My last post about protocols used object instantiation but glossed over how it actually works. One reason for that is that I haven’t sorted out all the details of it yet, but I think I’m close enough to a solution that I can give a rough outline of how it will work.

Most languages I know have some form of construction phase when creating objects. During this phase the object isn’t fully initialized yet so many of the assumptions you can usually make don’t actually hold yet. The object under construction is allowed to be in an inconsistent state, and in some cases you can observe these inconsistencies. Here is an example of a program observing two different values for a final field in Java, which is otherwise not allowed to change:

public class Test {

private final int value;

public Test() {
this.value = 4;

private void printValue() {


The exact same thing is possible in C++:

class Test {
Test() : x_(print_x()){
int print_x() {
printf("%i\n", x_);
return 0;
const int x_;

Even though the field is supposedly constant this prints two different values for it (technically the value of x_ is not well-defined before it is initialized so it might not change because it was already 0).

I use Java and C++ as examples because those languages make an effort to limit what you can do during construction, an effort which is nowhere near airtight. Other object-oriented languages, for instance python, have more relaxed rules, and some, like JavaScript and smalltalk, have none at all.

For neutrino I had several requirements in mind for object construction. It must be possible for one implementation type to extend another, and extra code should not be required in the supertype for this to work. There should be no constructors, methods that are allowed to construct or initialize objects but are covered by various rules and restrictions. It must be possible to construct and subtype immutable objects. It must be possible for each step in the construction process to execute arbitrary code to calculate the fields of the new object.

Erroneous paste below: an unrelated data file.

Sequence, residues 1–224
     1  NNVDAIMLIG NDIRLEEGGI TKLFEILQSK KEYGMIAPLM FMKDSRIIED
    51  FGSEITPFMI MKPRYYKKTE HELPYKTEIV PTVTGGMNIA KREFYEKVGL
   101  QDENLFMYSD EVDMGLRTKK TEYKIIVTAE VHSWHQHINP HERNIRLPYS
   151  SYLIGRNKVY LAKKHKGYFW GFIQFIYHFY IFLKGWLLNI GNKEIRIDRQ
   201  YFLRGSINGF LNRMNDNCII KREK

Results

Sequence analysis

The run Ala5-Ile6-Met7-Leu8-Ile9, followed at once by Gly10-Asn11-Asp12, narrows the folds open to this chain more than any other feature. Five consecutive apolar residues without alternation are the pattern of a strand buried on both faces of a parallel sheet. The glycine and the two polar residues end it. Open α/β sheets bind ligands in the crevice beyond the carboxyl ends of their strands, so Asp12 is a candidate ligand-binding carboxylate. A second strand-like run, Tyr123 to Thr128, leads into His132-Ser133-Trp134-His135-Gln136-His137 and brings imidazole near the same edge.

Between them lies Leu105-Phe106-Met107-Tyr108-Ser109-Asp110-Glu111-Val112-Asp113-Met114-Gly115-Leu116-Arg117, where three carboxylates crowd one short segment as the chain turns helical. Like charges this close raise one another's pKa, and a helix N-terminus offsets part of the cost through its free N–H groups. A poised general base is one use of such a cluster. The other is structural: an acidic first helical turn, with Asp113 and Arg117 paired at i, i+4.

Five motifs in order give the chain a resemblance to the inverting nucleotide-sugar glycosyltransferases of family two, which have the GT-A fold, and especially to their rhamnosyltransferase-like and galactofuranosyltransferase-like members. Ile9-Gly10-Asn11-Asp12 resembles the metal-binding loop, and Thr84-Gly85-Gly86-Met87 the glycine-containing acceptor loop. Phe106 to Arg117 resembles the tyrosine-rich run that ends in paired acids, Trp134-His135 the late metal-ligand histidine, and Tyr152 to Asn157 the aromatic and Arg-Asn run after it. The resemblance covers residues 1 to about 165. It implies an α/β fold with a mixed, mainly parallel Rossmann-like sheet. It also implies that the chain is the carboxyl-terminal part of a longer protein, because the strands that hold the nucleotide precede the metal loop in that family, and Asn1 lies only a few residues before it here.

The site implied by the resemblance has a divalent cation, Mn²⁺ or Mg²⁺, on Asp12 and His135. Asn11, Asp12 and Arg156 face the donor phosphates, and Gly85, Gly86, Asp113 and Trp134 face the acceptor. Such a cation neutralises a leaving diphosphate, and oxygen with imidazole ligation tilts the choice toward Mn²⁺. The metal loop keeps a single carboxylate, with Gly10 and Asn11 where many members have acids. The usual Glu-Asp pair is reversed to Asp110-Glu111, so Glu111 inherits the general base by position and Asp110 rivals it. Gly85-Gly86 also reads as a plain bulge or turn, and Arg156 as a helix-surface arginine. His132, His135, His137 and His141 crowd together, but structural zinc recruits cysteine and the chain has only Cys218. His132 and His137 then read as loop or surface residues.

The model I ended up with to support this has two components: three-state objects and field keys. I’ll first outline how they work and then give an example at the end.

Three-state objects

All objects are in one of three states: under construction, mutable and immutable. An object can only move towards more restrictions, that is, from being under construction to being mutable and from being under construction or mutable to being immutable. For now we’ll ignore the mutable/immutable distinction and focus on being or not being under construction.

When an object is born it has no state and implements no protocols. It is an empty atom which has nothing but its object identity. However, since it is in the under construction state all that can change. An object under construction can have protocols added to it, which means that the object will now respond to all the methods associated with those protocols. It can also have fields set and changed, similar to how this works in JavaScript and python: when you set a field the object doesn’t yet have that field is created. There are also notable differences to those languages though.

An object under construction can be passed around to any number of methods which can set fields and add protocols – construct the object, basically. When the object is considered done, typically when it is returned to the constructor call that started the construction process, it can be moved to one of the two other states. From that point on construction will be considered complete and it will no longer be possible to add protocols to the object, though it may still be possible to add and set fields.